- Have the authors explained why they chose a particular design (for example, survey, ethnography, phenomenology, experimental)? Not sure about the definitions of these words - our research glossary will explain.
- How have they justified their choice?
- Do you feel that their choice was appropriate?
- Give a description of the research approach and design backed up by a reference. We have a more in-depth explanation of research design.
Population and sample
- Give a summary of the sample information provided by the author. If the research is to be applicable and relevant to other populations the study sample (the group selected to be observed) must be representative of the group from which the sample is drawn (study population). This should be typical of the wider population to whom the research might apply (target population).
- For both qualitative and quantitative approaches, does the author:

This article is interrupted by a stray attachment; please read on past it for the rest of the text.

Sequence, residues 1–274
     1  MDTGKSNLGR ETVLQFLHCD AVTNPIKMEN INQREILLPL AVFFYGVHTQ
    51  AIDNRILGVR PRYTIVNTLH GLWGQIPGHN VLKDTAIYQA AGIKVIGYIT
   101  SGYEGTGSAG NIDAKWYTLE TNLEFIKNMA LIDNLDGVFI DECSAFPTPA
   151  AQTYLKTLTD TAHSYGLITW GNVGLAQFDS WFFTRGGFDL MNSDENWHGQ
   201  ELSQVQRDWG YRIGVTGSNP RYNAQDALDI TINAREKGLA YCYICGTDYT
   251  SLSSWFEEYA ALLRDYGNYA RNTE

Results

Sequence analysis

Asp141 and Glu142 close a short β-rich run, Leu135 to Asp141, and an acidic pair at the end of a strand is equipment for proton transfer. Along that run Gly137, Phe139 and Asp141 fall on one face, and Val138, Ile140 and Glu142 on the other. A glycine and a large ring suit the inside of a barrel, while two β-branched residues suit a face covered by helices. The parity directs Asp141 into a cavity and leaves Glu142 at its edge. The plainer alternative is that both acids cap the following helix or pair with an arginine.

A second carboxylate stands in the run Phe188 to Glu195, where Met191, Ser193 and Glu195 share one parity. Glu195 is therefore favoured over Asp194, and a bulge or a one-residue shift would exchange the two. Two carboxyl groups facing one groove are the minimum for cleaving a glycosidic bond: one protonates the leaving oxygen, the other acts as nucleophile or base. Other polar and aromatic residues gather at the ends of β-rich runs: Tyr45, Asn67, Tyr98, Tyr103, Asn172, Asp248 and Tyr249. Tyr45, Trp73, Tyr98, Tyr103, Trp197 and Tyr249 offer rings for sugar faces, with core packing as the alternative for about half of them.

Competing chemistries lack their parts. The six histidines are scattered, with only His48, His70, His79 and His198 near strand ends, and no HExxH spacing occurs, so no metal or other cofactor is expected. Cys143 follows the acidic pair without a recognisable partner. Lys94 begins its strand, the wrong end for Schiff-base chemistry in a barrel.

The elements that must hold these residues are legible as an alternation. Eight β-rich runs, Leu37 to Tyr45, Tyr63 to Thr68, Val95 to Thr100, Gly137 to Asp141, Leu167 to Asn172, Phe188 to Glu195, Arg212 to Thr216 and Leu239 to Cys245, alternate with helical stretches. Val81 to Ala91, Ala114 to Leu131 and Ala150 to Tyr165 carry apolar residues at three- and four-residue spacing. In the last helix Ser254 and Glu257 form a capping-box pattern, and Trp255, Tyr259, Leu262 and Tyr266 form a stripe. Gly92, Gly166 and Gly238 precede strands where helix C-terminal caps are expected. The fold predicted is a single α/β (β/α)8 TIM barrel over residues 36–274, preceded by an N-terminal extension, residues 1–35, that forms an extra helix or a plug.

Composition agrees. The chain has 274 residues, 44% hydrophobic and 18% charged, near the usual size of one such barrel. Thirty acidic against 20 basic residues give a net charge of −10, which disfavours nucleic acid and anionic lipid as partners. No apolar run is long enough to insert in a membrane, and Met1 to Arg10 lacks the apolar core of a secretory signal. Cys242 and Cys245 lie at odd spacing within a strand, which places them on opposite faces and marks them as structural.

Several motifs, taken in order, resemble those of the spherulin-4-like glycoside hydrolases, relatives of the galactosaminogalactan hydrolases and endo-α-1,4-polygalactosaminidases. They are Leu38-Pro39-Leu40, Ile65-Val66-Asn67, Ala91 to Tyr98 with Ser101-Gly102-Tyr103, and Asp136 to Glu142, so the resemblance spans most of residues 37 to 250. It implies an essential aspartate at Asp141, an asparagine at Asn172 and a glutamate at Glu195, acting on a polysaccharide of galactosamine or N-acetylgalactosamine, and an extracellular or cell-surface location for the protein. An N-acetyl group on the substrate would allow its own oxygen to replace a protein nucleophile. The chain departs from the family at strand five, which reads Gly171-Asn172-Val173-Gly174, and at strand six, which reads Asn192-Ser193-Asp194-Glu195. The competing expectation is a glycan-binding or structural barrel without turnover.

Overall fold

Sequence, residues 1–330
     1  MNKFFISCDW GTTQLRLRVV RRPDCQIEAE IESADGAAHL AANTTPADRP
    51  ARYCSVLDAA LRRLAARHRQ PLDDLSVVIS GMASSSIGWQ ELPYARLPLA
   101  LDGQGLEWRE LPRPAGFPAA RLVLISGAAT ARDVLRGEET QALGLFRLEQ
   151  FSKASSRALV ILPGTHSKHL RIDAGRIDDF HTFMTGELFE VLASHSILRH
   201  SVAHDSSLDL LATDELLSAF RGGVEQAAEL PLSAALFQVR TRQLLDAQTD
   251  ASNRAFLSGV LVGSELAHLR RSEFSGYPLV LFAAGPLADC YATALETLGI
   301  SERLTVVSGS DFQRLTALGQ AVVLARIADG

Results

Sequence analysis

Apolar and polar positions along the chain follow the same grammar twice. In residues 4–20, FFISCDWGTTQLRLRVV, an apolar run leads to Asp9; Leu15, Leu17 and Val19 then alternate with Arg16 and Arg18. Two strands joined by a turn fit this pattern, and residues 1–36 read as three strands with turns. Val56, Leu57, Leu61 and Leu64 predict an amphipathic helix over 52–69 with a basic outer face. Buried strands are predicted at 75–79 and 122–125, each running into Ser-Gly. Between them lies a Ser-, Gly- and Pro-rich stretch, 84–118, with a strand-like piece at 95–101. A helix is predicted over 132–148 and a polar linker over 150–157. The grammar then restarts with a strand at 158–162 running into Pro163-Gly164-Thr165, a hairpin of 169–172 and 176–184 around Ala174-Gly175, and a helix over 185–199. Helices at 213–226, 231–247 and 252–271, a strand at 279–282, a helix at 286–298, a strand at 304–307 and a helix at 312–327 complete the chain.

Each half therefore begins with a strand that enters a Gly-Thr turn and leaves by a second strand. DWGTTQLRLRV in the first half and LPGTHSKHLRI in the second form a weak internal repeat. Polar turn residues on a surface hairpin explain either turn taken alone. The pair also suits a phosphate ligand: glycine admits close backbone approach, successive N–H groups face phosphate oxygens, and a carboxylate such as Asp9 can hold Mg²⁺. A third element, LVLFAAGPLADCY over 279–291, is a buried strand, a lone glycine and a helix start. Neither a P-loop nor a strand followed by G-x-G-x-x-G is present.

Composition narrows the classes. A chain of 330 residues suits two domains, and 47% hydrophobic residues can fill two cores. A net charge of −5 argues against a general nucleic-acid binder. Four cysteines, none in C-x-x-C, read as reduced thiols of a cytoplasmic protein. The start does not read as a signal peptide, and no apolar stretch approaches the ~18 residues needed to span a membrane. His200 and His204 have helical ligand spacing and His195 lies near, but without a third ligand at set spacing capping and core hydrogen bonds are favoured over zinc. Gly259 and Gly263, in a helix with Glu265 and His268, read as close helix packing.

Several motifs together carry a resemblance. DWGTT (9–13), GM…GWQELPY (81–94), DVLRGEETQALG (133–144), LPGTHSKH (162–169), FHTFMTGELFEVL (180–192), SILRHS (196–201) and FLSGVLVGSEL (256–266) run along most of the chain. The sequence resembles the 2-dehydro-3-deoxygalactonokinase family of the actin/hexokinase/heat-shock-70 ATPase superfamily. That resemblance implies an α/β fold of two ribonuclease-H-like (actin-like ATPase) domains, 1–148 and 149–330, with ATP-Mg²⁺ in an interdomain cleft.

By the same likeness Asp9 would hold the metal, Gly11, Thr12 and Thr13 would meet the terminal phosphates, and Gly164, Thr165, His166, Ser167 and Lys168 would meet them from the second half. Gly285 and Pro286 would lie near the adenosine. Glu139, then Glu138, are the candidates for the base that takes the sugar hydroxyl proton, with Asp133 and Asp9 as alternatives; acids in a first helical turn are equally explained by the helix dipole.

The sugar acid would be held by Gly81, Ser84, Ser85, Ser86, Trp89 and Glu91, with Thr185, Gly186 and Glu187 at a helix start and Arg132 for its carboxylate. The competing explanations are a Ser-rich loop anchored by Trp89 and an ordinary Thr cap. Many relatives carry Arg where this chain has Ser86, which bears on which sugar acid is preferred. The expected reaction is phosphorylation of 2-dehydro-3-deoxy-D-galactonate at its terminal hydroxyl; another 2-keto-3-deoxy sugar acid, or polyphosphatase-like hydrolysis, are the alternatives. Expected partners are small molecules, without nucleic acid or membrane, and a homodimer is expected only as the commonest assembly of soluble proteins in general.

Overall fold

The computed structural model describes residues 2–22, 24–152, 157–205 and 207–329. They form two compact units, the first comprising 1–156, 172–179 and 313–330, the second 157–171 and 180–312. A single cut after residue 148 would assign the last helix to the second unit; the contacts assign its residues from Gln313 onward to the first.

- state the study population?
- identify how the sample group was recruited?
- give the sample size?
- is the sample size appropriate for the research approach?
- identify the response rate. In most studies, some of the study population don't respond; some refuse and other don’t know the answer. A poor response rate can bias the results of a study if not acknowledged. The study should compare responders and non-responders to acknowledge any impact of this potential bias.
- is the control group (if applicable) adequate? Was the definition of controls adequate? Are the control group, in all other respects, the same as the subjects?
- specific critiquing issues for qualitative and quantitative approaches are available.
For a handy checklist, look in The research process in nursing, edited by Kate Gerrish. You will find it at call number 610.73072 RES on the second floor of the library.
SMILE - How to assess a research article by GCU School of Health and Life Sciences modified by Marion Kelt, Glasgow Caledonian University is licensed under a Creative Commons Attribution 4.0 International License.